That concluded the Navy’s participation in the program. According to Cdr Metsger: “Our flights, including simulated carrier approaches and landings, assured us that sweeping the wings would not adversely affect carrier operations. We had the data in time for our (day fighter) competition evaluation.”

L-39-2 was repurposed in mid 1946 to support Bell’s X-2 program. The wing was modified to represent a swept wing with a circular-arc airfoil and the leading edge was extended forward to the side of body.

Bell engineering failed to appreciate the aerodynamic implications of a planform change. The center of lift was shifted far enough forward that the test pilot made most of the short flight on 20 July 1946 with full forward stick. Following reballasting, including reinstatement of the heavier four-bladed propeller, it was used by Bell for low-speed handling qualities and performance evaluation of the X-2 wing. L-39-2 was ferried to NACA Langley on 11 December, where it remained for three years. In December 1949, both aircraft were reportedly transferred to NACA Lewis where they were scrapped.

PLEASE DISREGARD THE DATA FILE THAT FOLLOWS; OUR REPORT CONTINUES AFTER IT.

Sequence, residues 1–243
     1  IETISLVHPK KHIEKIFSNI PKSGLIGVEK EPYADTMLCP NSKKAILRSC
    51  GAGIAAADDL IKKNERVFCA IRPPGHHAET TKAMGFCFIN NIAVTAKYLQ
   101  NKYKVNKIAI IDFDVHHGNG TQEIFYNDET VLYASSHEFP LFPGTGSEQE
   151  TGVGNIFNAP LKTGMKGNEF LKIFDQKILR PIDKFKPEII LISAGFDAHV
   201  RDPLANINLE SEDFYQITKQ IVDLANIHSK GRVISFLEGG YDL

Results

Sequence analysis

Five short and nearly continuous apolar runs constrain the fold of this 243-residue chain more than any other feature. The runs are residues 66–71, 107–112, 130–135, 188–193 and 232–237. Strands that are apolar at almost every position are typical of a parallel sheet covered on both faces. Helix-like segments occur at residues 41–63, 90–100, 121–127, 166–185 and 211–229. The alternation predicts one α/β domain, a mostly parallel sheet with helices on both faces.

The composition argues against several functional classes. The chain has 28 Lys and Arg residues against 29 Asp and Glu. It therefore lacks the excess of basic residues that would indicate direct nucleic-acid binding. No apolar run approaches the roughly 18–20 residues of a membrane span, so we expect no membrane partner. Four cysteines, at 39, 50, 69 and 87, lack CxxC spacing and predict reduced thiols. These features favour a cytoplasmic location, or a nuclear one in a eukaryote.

For drawings and other information of interest to modelers, click Here.

*The Navy History Center lists these two BuNos as P-63s that were cancelled.


Jack Williams said...

I have often wondered what performance could have been derived from the L-39 if the Navy, NACA, or Bell had decided to explore the high speed characteristics of the swept wing on a propeller driven aircraft.

Thinking about this has brought me to the conclusion that a P-63 modified to a swept wing retractable landing gear configuration and the turbo compound Allison V-1710 it was supposed to have been powered by would be a great racing plane.